I was so young that I had no idea who these famous people were. To me Carol Burnett was the lady from the RIF commercial, Reading is Fundamental. And Albert I had no idea who he was; he was just this cool British guy. John Huston? No clue. He was just like a grandfather to me. I had no clue, thank goodness. I just did my thing that I had been doing since the Broadway show and doing commercials. I didn’t realize the stakes, so to speak.

Was acting in a movie the same as working on the stage?

It took me years to actually get comfortable on the stage. I prefer the intimacy of screen; it comes easier to me. In theater, you have to be louder and bigger — that was harder for many years in my teens. But now I’ve conquered that. I eat up the stage. I love it.

One of your stage roles that is impossible to ignore is that you played Lily, Bernadette Peters’ character, in a recent Annie production in Colorado.

It was so much fun, but it did feel strange because I had to be mean to Annie. And I had to be a little hoochie-mama, but it was so much fun. It was almost surreal watching “Together at Last” before I had to go on for one of my scenes.

Music has been a huge part of your life since you were a kid, but you’ve recently channeled that in a different form. You’re now in a rockabilly band?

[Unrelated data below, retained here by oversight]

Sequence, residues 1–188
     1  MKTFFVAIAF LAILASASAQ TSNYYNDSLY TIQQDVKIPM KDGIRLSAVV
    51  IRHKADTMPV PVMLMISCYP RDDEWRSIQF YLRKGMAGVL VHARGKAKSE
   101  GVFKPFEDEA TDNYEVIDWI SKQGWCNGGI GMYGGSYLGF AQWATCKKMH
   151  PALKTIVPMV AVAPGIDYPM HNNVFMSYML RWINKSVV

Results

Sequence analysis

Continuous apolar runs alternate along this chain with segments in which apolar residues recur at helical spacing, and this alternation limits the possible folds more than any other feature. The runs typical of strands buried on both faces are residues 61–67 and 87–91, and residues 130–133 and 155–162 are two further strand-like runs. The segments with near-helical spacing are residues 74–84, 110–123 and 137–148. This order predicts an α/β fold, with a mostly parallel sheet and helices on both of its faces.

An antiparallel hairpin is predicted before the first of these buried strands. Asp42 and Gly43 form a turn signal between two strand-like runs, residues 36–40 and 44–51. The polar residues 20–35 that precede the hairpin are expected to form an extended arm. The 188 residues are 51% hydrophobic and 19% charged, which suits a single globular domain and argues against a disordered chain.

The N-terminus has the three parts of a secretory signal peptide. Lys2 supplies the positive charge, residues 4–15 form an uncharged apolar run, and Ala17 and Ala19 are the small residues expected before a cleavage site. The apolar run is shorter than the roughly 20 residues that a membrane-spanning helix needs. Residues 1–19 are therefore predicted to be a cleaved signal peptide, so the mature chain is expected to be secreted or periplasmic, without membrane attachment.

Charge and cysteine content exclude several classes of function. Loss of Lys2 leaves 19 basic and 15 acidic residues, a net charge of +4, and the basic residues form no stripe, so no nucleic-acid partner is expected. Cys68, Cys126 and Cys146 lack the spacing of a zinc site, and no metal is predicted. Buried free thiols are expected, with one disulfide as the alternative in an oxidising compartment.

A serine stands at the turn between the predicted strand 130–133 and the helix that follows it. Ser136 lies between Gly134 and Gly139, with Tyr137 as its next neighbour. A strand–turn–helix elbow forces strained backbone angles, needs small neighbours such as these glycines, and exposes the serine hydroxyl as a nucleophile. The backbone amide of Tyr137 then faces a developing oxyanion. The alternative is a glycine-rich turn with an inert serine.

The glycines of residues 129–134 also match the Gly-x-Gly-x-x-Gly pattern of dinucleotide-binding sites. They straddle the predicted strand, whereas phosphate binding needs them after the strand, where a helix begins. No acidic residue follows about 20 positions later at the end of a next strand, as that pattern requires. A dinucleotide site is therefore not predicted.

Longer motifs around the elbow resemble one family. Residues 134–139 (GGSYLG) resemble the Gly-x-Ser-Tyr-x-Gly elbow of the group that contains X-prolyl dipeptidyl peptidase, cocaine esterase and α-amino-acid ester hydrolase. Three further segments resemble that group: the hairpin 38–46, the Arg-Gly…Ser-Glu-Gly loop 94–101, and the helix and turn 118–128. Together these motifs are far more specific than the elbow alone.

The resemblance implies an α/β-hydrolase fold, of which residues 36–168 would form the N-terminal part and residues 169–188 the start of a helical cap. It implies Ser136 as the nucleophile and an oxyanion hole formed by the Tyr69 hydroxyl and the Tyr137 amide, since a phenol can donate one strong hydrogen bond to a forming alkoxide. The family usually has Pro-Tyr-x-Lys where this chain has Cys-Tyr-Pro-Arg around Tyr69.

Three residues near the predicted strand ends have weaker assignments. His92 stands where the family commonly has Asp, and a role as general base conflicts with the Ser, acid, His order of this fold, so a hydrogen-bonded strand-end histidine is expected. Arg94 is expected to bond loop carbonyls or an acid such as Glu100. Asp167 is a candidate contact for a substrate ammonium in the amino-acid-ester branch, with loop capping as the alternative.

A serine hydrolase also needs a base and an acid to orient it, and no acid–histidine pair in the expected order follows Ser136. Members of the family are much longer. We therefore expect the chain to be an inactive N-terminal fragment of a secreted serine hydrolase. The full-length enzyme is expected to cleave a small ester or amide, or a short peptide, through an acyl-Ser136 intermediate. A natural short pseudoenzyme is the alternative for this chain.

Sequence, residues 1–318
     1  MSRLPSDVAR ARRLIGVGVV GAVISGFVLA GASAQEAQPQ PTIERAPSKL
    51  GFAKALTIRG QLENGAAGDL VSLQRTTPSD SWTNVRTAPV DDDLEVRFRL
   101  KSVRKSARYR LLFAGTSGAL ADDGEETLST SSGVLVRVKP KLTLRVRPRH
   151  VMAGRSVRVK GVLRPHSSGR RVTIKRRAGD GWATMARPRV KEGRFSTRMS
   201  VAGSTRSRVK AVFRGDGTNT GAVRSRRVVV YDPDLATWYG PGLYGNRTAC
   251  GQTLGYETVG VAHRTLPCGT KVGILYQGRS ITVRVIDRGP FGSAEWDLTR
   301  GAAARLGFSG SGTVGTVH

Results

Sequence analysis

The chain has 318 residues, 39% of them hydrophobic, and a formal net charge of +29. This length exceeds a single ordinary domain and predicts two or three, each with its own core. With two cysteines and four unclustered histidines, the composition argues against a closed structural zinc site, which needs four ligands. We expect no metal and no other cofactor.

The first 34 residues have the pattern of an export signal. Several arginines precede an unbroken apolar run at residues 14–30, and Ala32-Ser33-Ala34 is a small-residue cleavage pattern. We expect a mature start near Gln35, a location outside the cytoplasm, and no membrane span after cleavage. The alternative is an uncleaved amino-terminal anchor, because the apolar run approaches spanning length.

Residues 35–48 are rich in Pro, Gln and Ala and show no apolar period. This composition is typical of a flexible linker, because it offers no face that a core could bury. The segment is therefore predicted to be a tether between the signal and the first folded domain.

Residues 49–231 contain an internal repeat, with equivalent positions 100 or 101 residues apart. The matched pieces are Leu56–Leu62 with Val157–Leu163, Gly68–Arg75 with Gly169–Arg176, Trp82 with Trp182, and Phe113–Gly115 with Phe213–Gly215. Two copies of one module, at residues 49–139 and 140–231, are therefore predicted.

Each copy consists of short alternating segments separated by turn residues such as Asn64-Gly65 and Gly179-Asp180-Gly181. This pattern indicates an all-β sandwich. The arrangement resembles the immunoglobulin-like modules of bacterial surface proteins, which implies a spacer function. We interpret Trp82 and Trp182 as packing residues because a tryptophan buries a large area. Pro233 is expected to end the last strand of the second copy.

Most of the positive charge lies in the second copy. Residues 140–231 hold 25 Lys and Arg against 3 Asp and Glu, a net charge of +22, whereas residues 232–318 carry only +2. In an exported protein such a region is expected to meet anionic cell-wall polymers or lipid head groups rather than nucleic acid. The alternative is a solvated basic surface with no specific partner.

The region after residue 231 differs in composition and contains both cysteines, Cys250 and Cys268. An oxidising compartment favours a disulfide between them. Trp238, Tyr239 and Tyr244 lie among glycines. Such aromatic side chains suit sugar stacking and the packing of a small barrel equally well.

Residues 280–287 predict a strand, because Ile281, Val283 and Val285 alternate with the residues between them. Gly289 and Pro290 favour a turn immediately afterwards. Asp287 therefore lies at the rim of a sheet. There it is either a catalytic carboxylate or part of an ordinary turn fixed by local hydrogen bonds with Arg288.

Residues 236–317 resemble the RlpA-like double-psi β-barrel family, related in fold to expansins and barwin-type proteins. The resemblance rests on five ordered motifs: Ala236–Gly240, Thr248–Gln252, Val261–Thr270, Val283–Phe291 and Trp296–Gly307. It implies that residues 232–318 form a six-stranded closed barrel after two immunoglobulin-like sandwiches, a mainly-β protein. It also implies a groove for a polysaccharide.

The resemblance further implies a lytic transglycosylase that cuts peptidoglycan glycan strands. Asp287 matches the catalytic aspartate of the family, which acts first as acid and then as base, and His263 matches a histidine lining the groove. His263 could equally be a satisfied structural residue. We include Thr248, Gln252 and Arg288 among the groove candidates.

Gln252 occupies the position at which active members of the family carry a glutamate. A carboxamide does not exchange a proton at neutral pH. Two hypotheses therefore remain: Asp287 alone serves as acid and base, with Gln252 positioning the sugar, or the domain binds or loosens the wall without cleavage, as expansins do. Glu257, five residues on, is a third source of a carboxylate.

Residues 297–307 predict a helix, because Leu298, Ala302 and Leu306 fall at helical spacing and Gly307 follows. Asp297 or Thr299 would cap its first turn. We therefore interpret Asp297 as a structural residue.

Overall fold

About five years ago, I saw a special on VH1 about the women of rockabilly and I was so impressed. What a cool style. It was rock and roll, with a little bit of blues and country in there. Then when I came to L.A., I met up with some musicians and it was just meant to be. We formed this five-person group and it just seemed to fit. We’ve been working together for about a year.

And your band’s name is… The Leapin’ Lizards?

We had to go there. That was actually my band’s idea. It’s a fun rockabilly name and there’s the tie-in with the lizards and us being out west. I just said, “We gotta do it.” So, yes, we are the Leapin’ Lizards. I’m picking a lot of the songs, I’m writing songs now. So it’s a more creative process, and I love being able to express myself more. We take a lot of obscure old 1950s songs and give them a modern spin. Mostly we play local but we’re hoping to tour in the summer of 2013.

I saw a recent video interview with you, and you appeared to have reddish hair, which is perfect for Annie, but if I recall, not your natural color.

I’ve gone more red since I came to California because it seems to suit the climate. I’m actually a brunette, but I’ve lightened up in California. The band was part of it too. In rockabilly, it’s either jet-black hair or something red. And truly when I decided to go more red, people actually laughed. My friends were like, “It actually suits you perfectly; you are a sassy redhead.”

Weird red-related question: Do you have a closet full of red dresses or a closet with absolutely no red dresses?

[Laughs] A closet of absolutely no red dresses. I never thought about it why I don’t like red dresses — that’s kind of funny. I like blues and greens and purples, but no, I do not have a red dress. I like red tops but as far as the Annie dress, mom has two of them somewhere stored away, safely guarded.